Eileen Kollias, CKD, CBD of Eileen Kollias Design in Boston, MA, adds that other high price point items – such as bar refrigerators, single dishwasher drawers, exotic sinks and faucets and cabinetry to match furniture – are all fair game to suggest to clients.
“The upsell opportunities are definitely available in this area,” says Kollias. “For instance, I often suggest detailed cabinetry; quiet appliances that are, perhaps, paneled in wood; exotic stone and tile backsplashes; and beautiful lighting.”
Ron Purcio, CKD, president, Styles Kitchen & Bath Studio in Basalt, CO, notes that under-cabinet refrigerators and coffee stations are particularly popular. “Ensuring beverage convenience is important,” he says. “I always like to include a coffee area because it keeps congestion out of the kitchen. People can sit in this area and relax. I have found that breakfast areas are becoming more popular in larger kitchens because people can get ‘lost’ in a huge kitchen. A breakfast area provides a comfortable place for a few people to gather.”
One current project provides an ideal example of fulfilling client needs while adding profit to a project. Purcio and his design team are transforming a previously undefined space into a fully functional breakfast area that includes cabinets for extra storage, an under-cabinet refrigerator, booth seating for two, a coffee station and a cast glass countertop with accent lighting. “We’ve included a lot of nice things,” he says. “It’s like a piece of furniture.”
Perkins also encourages his design team to focus on selling related items into a space. “When volume is down, you need to turn to related items to pick up those additional sales,” he says. “We’re finding that we’re incorporating banquette (integrated) seating into breakfast nooks. A lot of times we will do them as accent pieces out of the same cabinet material that we do in the kitchen or island. In a breakfast nook area, where you’re trying to put a table in a bay window application, for example, it’s hard to have enough room. A banquette is a perfect solution. Again, it’s selling related items that boost the sale.”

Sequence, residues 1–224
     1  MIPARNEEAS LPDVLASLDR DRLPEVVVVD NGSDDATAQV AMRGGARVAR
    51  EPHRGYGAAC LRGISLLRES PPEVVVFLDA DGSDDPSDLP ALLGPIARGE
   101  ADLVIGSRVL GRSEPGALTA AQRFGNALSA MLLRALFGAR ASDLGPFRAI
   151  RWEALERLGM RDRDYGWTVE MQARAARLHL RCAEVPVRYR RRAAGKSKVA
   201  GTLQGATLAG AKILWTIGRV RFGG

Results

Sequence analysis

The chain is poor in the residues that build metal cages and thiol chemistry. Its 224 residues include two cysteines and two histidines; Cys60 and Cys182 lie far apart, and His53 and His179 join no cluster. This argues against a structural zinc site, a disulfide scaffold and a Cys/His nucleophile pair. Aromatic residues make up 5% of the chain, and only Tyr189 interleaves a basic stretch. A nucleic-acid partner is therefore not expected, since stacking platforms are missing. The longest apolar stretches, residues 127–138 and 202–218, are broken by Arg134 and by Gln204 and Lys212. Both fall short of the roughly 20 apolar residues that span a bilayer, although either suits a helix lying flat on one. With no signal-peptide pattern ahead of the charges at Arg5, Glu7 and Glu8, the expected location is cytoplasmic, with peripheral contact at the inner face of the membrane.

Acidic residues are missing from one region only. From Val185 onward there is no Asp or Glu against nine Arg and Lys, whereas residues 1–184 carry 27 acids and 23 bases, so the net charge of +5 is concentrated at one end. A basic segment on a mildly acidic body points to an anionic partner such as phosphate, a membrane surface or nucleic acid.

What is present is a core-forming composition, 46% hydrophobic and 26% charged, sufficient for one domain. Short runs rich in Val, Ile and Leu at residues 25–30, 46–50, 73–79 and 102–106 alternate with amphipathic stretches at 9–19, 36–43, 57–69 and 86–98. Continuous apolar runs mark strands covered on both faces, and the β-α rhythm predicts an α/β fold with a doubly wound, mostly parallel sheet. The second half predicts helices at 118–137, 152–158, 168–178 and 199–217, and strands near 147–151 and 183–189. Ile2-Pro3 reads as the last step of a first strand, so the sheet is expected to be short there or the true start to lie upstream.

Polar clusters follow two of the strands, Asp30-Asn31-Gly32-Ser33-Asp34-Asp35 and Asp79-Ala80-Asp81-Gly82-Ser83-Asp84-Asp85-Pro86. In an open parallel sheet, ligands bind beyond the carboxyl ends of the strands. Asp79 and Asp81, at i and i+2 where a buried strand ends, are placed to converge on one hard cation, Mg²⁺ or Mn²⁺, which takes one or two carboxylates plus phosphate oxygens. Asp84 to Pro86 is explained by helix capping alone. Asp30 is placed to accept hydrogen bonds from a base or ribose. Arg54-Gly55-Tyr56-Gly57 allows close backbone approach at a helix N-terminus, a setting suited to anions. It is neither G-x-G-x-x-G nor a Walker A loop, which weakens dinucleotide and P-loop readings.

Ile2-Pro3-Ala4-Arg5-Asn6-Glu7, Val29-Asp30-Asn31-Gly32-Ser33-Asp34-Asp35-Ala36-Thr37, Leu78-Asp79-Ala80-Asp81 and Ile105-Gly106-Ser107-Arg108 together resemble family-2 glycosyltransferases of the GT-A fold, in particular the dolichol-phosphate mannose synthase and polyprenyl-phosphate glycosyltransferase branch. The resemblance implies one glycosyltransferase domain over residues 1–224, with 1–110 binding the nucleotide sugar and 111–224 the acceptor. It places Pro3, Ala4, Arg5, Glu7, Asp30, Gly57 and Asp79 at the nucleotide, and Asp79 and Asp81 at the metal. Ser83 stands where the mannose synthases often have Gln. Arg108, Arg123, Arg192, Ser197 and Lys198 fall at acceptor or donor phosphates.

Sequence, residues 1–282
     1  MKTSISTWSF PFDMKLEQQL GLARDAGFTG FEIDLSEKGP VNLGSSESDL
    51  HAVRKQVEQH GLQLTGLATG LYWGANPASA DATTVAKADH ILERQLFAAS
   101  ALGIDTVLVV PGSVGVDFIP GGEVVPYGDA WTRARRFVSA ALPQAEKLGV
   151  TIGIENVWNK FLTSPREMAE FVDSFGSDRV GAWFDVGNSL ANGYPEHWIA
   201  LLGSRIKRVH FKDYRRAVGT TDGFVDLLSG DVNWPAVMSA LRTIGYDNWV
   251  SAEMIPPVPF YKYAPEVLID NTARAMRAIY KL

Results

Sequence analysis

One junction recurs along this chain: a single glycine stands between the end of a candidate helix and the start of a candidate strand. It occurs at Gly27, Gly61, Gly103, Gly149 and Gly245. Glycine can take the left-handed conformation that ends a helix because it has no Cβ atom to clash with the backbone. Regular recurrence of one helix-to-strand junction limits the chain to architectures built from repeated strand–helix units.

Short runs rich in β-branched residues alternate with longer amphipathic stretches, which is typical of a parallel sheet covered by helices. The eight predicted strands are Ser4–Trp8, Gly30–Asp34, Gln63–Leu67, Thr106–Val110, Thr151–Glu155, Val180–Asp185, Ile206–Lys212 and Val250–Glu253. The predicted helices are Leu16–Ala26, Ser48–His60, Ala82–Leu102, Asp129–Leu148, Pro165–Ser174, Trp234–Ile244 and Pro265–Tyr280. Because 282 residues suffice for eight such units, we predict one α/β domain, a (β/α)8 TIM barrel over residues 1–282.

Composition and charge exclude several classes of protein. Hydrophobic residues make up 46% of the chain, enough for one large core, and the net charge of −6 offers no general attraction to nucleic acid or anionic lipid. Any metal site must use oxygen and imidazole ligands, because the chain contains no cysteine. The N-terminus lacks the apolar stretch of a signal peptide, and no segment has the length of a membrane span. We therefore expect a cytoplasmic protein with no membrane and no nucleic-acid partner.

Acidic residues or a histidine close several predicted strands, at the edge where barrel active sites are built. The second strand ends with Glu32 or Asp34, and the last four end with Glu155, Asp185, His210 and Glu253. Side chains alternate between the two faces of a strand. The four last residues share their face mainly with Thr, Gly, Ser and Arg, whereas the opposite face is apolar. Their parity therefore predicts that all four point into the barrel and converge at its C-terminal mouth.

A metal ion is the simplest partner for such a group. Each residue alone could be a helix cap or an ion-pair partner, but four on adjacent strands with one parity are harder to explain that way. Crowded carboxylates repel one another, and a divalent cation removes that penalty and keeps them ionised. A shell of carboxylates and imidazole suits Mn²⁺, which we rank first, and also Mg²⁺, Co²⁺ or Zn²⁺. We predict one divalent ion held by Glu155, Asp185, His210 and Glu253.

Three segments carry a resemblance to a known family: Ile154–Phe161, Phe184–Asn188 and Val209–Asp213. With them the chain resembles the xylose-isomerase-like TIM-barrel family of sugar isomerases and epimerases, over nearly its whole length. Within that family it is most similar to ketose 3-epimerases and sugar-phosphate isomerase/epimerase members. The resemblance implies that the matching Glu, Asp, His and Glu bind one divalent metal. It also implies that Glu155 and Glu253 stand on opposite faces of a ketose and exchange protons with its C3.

“Overall, we find we’re in a fast-paced society,” he continues. “On occasion the whole family sits down in the dining room and eats a meal together. But more often we’re finding that families have meals on the go, at different times. And the majority of those meals are eaten at the breakfast bar. It’s becoming more of a focal point because of the fast pace of the lives we lead.”
While appliances, a quiet sitting area and effective lighting are all important parts of the breakfast bar, to provide the ultimate in convenience, the area must also incorporate that all-important storage space.
“Storage is very important because if this space cannot hold everything clients need, then they could talk themselves out of spending the extra money!” Kollias explains. “Therefore, it is critical to design well-organized areas with plenty of drawers for coffee, tea, wines, liquor, water, mixers and utensils.”
It’s also important that breakfast bars be designed to be self-contained, so that the homeowner doesn’t have to keep getting up to find, store or dispose of items, as this takes away from the restful quality that is so important to creating the proper ambiance of this space.
“As designers, we need to address all storage and immediate access needs within this space, including disposing of coffee grounds and package debris,” notes Lee. She explains that, in designing breakfast bars, she makes a point of organizing spaces for specific purposes to maximize the room’s effectiveness.
Beyond the breakfast bar
It’s also possible to take the breakfast bar concept to other areas of the home.
“If the project is a master suite, a coffee/wine bar area can be added,” says Kollias. “In fact, 90% of my designs now include a coffee/wine bar area in the kitchen, master suite or family room – especially when it is new construction.”
Lee also incorporates what she terms “bistro bars,” often within a master bedroom, which would likely include wine refrigeration. “These areas are complementary of the furnishings of the bedroom and extremely functional at the beginning and end of each day,” she says. “When the bistro bar is in the bedroom, I will usually add a sink for added convenience.”
Kollias concludes, “The trick is to design something so personal, clients just can’t say ‘no’ to it. You might have to redesign in a less expensive way to show them options, but they always come back to what they love!” KBDN